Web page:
Tag Archives: anger

What Are You Grieving?

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92423AB4-92CD-46BA-BC35-F29338DB7AC7In the midst of the general death and destruction wrought by Covid-19, a grown woman took the time to complain on social media that she would not have a birthday party this year. She was devastated there would be no restaurant, no margaritas, no tapas, no cake, no friends to make her feel special and celebrated.

My first thought? What a selfish brat! 

This is a grown up we are talking about, not an eight year old who already picked out unicorn party favors. Has she not read the posts written by traumatized, sweaty ICU staff who are actually risking life and limb to care for victims of this pandemic?

I was angry, but not just with Birthday Girl. I was angry with our country and all the interlocking systems that have failed in keeping us safe, in working cooperatively, and in providing resources to treat us humanely. The more I thought about it, the more depressed I felt. Then, like many have already observed, I realized I was bouncing around in the cycle of grief.

We are all grieving different things right now.

Some of us are grieving celebrations in which we cannot partake. Others are grieving loss of employment, or income needed to stay afloat. Some bear the palpable loss of a loved one to this pernicious disease, while others suffer isolation, and the grief of loneliness.

It made me stop and realize what a judgey twat I was being.

It also made me question what I was grieving.

I’m certainly wandering around in a haze of sad uncertainty that feels a lot like grief. I miss simple structure, routine, consistency. I’ve lost all the ways I typically “do” life. I’ve lost being able to see and embrace my friends and family. I bear witness to my children’s pain at separation from their grandparents (who they typically see daily), their friends, and routines of school and activities.

I definitely miss leaving the house and listening to music really loud in the car on my way to work. Who’d have thunk it? And I miss sitting with my clients, face to face. I miss the things you see on people’s face that you can’t experience in their disembodied voices, or in pics, or in ticktoc vids.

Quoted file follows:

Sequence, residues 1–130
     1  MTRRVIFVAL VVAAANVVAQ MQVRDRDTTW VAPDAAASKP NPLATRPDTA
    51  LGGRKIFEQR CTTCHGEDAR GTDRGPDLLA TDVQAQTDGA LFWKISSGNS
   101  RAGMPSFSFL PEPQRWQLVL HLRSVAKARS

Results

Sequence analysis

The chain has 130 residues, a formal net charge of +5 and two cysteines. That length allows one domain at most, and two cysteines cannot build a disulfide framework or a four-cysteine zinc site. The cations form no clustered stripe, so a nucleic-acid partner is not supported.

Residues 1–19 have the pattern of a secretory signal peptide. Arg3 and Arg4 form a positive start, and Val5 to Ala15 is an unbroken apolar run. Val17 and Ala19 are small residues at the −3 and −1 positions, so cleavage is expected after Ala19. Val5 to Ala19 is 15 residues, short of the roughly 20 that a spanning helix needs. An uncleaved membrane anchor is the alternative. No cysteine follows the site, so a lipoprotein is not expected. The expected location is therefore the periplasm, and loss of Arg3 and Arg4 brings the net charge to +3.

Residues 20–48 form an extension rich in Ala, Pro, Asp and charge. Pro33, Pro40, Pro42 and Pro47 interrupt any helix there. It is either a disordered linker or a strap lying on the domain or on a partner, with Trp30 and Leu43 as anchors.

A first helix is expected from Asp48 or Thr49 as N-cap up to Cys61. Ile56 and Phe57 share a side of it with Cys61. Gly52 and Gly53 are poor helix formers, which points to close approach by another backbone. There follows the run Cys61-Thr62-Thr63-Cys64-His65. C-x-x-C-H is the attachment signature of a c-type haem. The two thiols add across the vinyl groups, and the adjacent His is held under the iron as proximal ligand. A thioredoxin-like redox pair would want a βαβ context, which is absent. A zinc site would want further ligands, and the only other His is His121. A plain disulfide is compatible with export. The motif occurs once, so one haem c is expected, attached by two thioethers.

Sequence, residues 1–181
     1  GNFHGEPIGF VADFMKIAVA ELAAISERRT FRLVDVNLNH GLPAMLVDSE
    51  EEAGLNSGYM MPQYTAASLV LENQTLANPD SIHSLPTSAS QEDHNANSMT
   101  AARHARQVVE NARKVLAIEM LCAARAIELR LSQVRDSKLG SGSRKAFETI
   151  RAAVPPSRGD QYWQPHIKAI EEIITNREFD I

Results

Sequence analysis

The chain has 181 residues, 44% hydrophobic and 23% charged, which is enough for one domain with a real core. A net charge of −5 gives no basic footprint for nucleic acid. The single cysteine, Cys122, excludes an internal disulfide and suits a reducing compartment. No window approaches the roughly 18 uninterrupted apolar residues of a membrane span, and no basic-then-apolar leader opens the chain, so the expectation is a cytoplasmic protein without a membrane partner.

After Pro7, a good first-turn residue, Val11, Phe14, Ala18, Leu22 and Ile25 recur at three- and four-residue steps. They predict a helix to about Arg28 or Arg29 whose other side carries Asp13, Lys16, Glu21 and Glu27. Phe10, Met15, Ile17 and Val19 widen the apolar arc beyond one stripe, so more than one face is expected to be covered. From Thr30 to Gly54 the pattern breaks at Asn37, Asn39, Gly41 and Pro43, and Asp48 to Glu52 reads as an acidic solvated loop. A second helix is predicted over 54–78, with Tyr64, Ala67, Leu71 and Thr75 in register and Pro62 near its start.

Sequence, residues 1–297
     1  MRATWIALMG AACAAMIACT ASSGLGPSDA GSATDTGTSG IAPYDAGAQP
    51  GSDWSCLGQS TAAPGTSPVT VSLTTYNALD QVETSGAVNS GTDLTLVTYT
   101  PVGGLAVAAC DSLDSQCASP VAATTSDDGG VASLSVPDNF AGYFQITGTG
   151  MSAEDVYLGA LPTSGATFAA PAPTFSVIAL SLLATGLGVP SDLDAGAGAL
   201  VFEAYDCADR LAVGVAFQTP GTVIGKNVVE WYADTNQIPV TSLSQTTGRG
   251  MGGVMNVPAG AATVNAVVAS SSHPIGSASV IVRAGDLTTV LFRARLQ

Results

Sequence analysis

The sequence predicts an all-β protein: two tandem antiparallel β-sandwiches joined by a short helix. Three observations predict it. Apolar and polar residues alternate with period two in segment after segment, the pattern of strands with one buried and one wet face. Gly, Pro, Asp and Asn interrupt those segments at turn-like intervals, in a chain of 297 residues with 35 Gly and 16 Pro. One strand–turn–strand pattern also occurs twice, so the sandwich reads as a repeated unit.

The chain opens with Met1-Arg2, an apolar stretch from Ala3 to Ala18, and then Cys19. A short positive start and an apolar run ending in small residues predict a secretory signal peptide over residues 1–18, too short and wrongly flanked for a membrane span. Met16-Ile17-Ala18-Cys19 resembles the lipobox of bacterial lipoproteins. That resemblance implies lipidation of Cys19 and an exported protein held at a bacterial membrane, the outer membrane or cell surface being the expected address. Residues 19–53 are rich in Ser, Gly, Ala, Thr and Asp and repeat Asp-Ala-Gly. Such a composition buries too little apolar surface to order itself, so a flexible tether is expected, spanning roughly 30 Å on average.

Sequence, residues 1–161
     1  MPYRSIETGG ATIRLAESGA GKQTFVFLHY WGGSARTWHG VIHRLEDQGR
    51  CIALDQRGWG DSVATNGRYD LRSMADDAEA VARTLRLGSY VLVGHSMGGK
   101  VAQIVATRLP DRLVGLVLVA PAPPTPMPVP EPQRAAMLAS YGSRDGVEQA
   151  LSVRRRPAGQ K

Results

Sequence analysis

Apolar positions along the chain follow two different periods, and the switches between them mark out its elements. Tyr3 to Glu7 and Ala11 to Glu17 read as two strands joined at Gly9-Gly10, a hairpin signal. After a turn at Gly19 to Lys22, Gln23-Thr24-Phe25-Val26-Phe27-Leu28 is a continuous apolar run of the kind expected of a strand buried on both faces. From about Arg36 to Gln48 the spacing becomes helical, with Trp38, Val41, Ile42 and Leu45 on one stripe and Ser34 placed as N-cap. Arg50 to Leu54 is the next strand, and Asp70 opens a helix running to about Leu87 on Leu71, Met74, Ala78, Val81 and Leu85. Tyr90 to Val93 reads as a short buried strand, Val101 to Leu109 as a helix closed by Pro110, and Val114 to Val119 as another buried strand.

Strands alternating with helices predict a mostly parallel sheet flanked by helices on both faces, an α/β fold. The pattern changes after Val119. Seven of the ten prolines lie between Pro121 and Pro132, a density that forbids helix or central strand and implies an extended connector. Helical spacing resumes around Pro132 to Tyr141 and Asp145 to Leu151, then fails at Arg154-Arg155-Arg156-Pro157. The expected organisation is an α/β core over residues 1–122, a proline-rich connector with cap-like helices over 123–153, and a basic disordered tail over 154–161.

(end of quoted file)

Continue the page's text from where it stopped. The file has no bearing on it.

So, maybe it’s a bunch of things? Maybe I really just miss being able to race out to the market to fetch that one thing I’ve forgotten without it being a big HAZMAT issue that puts all our lives at risk?

Maybe I miss when life wasn’t such a hyperbole and I could use hyperboles in fun and actual hyperbolic ways?

Yeah, I guess, I’m not grieving anything greater than a birthday party either. We all know the horrors that are right outside our doors (or at least the ones of us choosing to stay in and socially distance do).

I’d like to tell you that the nice thing about this grief is that it will be impermanent. A vaccine will be developed, treatment will come, and we will be free to roam about the world again. Things will get better. Those are all facts.

But will we go back to normal?

If I’ve learned one thing about grief, it is that grief, when traumatic enough, has the potential to change us, to alter us right down at our DNA level. Don’t believe me? Google the epigenetics of trauma. I swear to you it is an actual thing.

So, the good news is if we stay kind, supportive, and connected, we have a far better chance of surviving and getting back to our baselines. If this situation has taught us anything, it is how much we need one another, how essential the embrace of humanity is to our health and existence.

I’m so sorry I forgot that, even for a moment.

What are you grieving? Please feel free to share in the comments below. I try to respond to any and all who take the time to share their time and thoughts with me. Thank you for being here. 

STOP “Looking For The Helpers” /Avert Your Eyes or Get Busy

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crowd reflection color toy

Photo by Markus Spiske on Pexels.com

If I NEVER see the Mister Rogers quote to “Look for the helpers; there are always people who are helping,” when something goes dreadfully awry in our world again, it will be too soon.

Unfortunately, in the mist of our latest and greatest (by greatest I mean completely camel shit dick ball sucking craptastic) international disaster, I’ve found this platitude of the famous children’s TV show personality almost everywhere I look.

Sure, on the surface, it’s sweet, kind; it offers hope in the midst of despair. Hope is a good thing. I have nothing against hope.

What I DO resent is the bastardization of a sentiment intended to comfort children and reassure them their adults were in control of dangerous, traumatizing situations.

While it is natural this quote might comfort adults of children to whom they might offer it, it is often held aloft by adults instead, a sort of shield against their own anxiety.

In a way it pretends nothing more need be done than utter those magic words, and presto! Instant comfort and hope. All better.